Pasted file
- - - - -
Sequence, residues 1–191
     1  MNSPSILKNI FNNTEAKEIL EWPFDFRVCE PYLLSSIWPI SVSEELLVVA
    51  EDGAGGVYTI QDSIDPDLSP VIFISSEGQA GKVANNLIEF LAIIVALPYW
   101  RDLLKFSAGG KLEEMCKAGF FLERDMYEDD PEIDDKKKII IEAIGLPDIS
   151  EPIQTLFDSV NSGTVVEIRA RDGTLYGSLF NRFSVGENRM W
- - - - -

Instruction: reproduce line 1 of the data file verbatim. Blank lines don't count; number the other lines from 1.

Sequence, residues 1–191